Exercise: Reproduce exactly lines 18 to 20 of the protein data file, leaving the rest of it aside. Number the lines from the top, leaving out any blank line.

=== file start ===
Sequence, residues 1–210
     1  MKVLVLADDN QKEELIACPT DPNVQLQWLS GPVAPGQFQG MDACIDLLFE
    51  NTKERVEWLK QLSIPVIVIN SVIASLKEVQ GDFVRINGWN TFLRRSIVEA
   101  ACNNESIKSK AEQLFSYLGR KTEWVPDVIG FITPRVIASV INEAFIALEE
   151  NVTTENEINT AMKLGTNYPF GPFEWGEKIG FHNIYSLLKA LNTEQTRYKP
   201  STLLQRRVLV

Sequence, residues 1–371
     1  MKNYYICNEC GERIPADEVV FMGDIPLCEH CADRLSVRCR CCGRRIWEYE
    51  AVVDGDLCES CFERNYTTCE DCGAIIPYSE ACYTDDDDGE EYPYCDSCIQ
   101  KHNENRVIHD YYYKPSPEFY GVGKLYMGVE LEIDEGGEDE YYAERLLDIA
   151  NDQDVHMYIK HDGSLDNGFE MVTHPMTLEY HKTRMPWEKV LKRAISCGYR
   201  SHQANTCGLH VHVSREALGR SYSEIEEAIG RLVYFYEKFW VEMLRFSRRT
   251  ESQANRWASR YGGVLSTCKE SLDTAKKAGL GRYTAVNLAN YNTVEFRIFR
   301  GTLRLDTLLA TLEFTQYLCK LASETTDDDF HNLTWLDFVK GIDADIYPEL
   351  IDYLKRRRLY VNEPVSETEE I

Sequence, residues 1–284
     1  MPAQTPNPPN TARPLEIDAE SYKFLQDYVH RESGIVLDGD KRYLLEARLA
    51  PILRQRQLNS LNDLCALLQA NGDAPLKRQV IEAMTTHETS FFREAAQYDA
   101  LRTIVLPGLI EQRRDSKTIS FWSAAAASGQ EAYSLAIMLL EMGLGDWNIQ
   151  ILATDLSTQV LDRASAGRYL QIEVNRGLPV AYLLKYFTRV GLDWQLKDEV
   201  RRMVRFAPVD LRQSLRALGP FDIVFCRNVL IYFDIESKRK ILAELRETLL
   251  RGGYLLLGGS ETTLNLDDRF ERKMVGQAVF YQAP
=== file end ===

    51  PILRQRQLNS LNDLCALLQA NGDAPLKRQV IEAMTTHETS FFREAAQYDA
   101  LRTIVLPGLI EQRRDSKTIS FWSAAAASGQ EAYSLAIMLL EMGLGDWNIQ
   151  ILATDLSTQV LDRASAGRYL QIEVNRGLPV AYLLKYFTRV GLDWQLKDEV